Melbourne-based ISP, Primus Telecom, has slammed the Australian Competition and Consumer Commission's decision to drop its anti-competitive notice against Telstra, claiming the alternative $6.5 million fine will not stop the telco from re-committing the offence.
Earlier this week, the ACCC opted to abandon court action against the telco, ruling that its latest broaband pricing amendments were enough to ensure rival ISPs could compete on a level playing field. The decision followed 12 months of investigations into its wholesale and retail rate cards.
The competition notice was issued last March after the telco slashed entry-level retail broadband plan to $29.95 a month.
According to the industry watchdog, ADSL wholesale prices were lowered by at least 30 per cent in the past year. It had also introduced metropolitan prices to regional areas.
Instead of going to court, Telstra will now repay its wholesale customers $6.5 million in compensation. This figure lies in stark contrast to penalties under the competition notice, which ranged up to $10 million for each contravention and $1 million per day while anticompetitive practices continued.
Primus regulatory affairs manager, Ian Slattery, hit out against the figure, claiming it was the equivalent of a "parking fine".
"Given the damage that Telstra's conduct caused the industry as it reaped outstanding benefits, the $6.5 million it now has to pay could be characterised as an excellent investment," he said. "This barely covers our cost in providing information to the commission. It's nowhere near the damage caused to the industry."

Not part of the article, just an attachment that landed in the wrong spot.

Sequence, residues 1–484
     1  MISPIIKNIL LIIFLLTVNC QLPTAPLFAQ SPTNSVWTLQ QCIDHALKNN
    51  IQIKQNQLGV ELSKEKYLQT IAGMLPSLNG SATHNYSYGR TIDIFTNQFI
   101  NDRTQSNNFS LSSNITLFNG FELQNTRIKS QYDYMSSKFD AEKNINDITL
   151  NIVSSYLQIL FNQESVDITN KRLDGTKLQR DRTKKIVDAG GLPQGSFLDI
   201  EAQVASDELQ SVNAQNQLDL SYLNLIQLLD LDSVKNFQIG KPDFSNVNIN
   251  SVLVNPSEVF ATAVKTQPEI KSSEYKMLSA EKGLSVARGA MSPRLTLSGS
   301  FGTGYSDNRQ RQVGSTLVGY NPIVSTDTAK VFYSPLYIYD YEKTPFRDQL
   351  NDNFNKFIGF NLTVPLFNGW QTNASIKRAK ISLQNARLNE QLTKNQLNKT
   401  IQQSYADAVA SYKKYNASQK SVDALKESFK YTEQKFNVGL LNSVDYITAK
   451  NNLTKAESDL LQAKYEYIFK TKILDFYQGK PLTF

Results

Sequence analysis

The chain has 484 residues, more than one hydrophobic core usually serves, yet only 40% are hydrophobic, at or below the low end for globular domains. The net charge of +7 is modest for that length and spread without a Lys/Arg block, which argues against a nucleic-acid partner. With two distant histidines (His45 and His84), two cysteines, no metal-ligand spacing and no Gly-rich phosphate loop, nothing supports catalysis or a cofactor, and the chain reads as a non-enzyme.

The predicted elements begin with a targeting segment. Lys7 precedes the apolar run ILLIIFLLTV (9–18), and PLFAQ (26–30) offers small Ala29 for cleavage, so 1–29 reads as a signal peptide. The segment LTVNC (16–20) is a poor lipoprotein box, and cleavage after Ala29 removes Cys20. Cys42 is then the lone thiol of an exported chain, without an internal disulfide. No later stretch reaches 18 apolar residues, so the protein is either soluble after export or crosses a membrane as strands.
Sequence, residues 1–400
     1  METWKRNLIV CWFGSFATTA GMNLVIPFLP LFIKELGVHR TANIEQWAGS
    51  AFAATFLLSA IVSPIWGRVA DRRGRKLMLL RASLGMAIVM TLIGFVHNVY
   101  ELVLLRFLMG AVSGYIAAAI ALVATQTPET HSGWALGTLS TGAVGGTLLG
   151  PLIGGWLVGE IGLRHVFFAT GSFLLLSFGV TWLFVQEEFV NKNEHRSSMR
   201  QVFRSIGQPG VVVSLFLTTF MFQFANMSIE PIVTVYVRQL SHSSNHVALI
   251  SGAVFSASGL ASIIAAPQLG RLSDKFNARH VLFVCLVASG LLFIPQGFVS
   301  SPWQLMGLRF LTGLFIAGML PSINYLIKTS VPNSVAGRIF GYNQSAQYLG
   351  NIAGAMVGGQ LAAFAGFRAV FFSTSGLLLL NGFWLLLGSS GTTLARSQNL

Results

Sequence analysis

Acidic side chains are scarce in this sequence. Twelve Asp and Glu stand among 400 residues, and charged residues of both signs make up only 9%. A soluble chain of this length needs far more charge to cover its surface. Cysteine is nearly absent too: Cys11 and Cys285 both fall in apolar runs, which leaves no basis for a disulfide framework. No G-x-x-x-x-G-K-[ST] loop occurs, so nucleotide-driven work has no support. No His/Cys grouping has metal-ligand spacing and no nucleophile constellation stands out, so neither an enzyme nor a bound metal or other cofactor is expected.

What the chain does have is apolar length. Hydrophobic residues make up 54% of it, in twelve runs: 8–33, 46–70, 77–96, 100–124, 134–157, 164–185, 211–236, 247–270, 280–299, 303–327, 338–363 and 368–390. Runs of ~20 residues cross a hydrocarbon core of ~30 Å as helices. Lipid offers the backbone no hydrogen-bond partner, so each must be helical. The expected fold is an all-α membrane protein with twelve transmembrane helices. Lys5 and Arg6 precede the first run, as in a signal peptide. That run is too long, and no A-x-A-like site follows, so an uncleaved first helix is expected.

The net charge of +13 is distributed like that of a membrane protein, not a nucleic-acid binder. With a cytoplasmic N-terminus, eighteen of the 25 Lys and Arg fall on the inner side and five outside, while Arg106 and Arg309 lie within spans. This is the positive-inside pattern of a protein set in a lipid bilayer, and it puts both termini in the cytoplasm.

Telstra's head of regulatory affairs, Bill Scales, agreed the rebate was a small price to pay, but insisted it had never tried to act in an anti-competitive way.
Slattery said Telstra should have been taken to court and penalised.
"It is clear to us that these deterrents to the current regime are ineffective in dealing with this conduct," he said. "What is that figure compared to $2.4 billion in half-yearly profit?"
Furthermore, he claimed only a major overhaul of the regulatory regime would be enough to ensure anti-competitive behaviour stopped.
"It took them a year to get to an acceptable price," Slattery said. "They had a 12 month head start on competition - the industry can't be sustained on this."
However, iiNet managing director, Michael Malone, said he found the ACCC's decision to be a positive one, and was satisfied with the outcome.
"Telstra has reduced wholesale rates over the past year and, having built our own equipment over the past year, we now have fewer customers on Telstra DSLAMs in any case," he said. "From an industry point of view, I believe the ACCC has handled this particularly issue extremely well. The prompt issuing of the competition notice last year was risky for the regulator at the time, but has been managed well and a good conclusion has been reached."
Another key factor in the ACCC's findings was its insistence that Telstra provides up to 15 days notice before changing any of its pricing structures. This safeguard would give it a reasonable amount of time to investigate any suggested changes, the commission said.
Malone agreed three weeks was a reasonable timeframe for the industry.
But Primus' Slattery said the mechanism did not prevent Telstra from going ahead with price changes even if these were considered anti-competitive.
"With a 12-month delay and a $6.5 million fine - what disincentive does Telstra have not to do this?" he said.
For Malone, the ACCC should now be focused on assisting those ISPs looking to build their own broadband networks.
"This includes the price of access to the raw copper line, but also non-price issues such as the connection and disconnection fees, the cost of transferring customers, and exchange access fees," he said.
Sandra Rossi contributed to this report.